Miss Julie



The unlikely battleground of Miss Julie, Mike Figgis’ searing film version of August Strindberg’s button-pushing play, is the kitchen of a 19th century Swedish manor house. It’s the festive midsummer night, and the count is away. With his authoritative presence removed, a dance of seduction commences between his daughter, Miss Julie (Saffron Burrows), and manservant, Jean (Peter Mullan).

What begins as a flirtation soon turns deadly serious because, even in Helen Cooper’s contemporized adaptation, there’s no hiding Strindberg’s agenda: class warfare. Miss Julie isn’t a romance of reconciliation à la Jane Austen, but a razor-sharp dissection of what happens to people who forget their place.

Christine (Maria Doyle Kennedy), the manor’s cook and Jean’s lover, believes in the social chain of command as firmly as she embraces the hierarchical piety of the church. Her certainty is in sharp contrast to the vague desires of Julie and Jean, each of whom longs to break free of predestination. They do so at their own peril.

Miss Julie isn’t merely a treatise on the destructive caste system. These are two immensely complex and flawed characters: Julie’s mother instilled a sexual rebellion in her that doesn’t mesh with either the social conditioning of women or the intense pain she feels after her fiance’s infidelities; a social climber always on the make, Jean is also a strangely compelling utopian who sees wealth as his earthly redemption.

Director Figgis (Leaving Las Vegas, Internal Affairs) and the marvelous cinematographer Benoit Delhomme circle the actors with handheld cameras, creating an intense intimacy. The screen even divides into two views of Julie and Jean’s furtive coupling, this pivotal moment made all the more haunting by the distinct views of these two in-sync voyeurs (Figgis also wrote the score, and his compelling chamber music heightens the film’s disquieting tone).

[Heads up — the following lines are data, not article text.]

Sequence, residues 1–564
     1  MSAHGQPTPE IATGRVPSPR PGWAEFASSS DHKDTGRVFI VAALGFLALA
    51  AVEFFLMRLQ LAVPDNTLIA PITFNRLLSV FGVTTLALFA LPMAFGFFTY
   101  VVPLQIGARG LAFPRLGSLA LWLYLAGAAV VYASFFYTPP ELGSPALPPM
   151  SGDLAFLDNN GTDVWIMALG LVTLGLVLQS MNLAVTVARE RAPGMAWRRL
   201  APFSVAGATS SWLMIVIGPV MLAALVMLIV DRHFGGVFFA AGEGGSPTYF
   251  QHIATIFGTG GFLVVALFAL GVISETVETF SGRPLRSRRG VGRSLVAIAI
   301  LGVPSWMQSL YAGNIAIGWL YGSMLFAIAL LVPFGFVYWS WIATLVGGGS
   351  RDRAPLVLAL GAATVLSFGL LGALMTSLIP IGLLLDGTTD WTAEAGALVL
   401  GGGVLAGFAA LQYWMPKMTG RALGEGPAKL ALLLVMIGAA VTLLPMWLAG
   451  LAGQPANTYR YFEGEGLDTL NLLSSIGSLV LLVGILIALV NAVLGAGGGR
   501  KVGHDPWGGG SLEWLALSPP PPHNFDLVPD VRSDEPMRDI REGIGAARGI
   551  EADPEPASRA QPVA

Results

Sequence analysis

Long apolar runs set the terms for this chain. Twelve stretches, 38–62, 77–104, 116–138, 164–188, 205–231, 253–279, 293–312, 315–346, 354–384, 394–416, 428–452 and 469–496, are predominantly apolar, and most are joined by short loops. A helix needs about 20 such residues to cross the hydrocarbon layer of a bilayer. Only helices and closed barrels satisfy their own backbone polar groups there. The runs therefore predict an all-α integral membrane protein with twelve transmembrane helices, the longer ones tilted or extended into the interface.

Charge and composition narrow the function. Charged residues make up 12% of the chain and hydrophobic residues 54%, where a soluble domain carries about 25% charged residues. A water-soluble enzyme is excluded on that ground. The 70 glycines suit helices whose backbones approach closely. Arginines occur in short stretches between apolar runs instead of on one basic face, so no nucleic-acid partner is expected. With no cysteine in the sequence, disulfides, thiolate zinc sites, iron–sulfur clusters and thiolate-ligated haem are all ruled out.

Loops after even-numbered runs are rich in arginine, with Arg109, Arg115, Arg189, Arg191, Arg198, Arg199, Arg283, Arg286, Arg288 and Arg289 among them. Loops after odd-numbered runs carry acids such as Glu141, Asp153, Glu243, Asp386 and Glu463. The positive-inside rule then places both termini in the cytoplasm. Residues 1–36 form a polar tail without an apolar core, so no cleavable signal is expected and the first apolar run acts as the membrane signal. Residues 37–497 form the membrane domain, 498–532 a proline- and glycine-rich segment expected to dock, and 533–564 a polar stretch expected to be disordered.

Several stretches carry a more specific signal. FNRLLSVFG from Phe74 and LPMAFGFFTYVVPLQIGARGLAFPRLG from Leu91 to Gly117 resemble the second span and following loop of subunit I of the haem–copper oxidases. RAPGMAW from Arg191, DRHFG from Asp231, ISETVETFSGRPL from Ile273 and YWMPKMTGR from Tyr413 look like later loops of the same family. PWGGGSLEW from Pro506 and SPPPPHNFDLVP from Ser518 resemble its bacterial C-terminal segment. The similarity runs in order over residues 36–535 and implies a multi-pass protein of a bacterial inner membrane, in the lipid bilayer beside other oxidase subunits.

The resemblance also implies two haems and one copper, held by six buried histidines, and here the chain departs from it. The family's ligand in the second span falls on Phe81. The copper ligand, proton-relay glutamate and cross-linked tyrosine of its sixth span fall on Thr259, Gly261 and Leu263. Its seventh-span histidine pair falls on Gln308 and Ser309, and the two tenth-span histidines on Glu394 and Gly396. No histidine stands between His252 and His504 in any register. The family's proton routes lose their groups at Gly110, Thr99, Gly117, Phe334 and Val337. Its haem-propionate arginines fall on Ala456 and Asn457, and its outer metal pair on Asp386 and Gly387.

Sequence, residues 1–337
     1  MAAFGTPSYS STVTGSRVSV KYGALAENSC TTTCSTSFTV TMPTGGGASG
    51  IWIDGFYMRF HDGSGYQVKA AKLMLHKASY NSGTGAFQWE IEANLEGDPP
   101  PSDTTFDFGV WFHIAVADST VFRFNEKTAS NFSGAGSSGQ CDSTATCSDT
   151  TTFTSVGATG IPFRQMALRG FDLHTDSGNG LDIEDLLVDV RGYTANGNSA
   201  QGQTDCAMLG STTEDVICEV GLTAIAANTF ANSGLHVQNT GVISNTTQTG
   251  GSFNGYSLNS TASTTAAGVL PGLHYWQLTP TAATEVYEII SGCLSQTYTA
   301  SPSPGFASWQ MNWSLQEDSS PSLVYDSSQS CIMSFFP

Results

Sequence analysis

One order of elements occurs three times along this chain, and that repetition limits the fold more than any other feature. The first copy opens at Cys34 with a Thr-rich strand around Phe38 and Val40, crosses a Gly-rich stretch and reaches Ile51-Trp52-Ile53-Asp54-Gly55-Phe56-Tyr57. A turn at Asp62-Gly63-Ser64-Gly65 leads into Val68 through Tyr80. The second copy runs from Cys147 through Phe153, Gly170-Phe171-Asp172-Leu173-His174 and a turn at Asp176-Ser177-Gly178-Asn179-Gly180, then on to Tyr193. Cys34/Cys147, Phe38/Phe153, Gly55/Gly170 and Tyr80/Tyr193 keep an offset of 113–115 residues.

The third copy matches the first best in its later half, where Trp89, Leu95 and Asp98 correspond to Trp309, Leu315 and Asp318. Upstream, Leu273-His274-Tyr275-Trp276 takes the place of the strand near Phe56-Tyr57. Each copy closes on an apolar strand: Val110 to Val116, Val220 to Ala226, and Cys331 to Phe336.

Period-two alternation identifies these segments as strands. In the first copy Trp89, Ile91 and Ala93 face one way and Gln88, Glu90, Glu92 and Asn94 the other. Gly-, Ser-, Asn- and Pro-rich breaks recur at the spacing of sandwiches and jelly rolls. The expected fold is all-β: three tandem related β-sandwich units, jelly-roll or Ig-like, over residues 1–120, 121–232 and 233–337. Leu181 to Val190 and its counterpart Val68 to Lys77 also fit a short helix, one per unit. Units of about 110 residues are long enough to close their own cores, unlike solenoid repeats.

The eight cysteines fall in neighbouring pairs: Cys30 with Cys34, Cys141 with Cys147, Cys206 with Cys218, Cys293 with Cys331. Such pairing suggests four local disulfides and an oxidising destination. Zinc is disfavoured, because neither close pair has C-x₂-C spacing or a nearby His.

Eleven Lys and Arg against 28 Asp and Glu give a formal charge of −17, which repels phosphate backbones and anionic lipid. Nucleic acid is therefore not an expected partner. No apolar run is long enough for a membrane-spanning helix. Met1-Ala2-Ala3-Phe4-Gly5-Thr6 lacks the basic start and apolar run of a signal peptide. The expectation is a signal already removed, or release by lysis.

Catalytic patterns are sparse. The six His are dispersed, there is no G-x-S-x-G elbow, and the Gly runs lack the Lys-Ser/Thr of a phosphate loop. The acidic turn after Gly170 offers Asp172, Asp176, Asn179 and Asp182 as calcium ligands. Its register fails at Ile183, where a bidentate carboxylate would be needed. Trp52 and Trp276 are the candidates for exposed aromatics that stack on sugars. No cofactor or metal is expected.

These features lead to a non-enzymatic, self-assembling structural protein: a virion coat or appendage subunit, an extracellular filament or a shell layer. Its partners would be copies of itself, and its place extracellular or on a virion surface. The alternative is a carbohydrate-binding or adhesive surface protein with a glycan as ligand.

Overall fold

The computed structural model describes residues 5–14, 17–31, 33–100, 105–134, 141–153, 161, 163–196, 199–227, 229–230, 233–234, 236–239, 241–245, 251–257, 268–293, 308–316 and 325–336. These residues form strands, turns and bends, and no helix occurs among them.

Saffron Burrows’ majestic beauty makes Julie’s fragility all the more tragic, and Peter Mullan (My Name is Joe) turns his unimposing facade to his advantage, making Jean fired from within by ruthless ambition.

Through his performers’ voices – Kennedy’s Irish lilt, Mullan’s Scottish growl, Burrows’ crisp Queen’s English – Mike Figgis incorporates into his marvelous Miss Julie a potent reminder that the class distinctions August Strindberg documented a century ago have not yet left us.

Serena Donadoni writes about film for Metro Times. E-mail her at [email protected].

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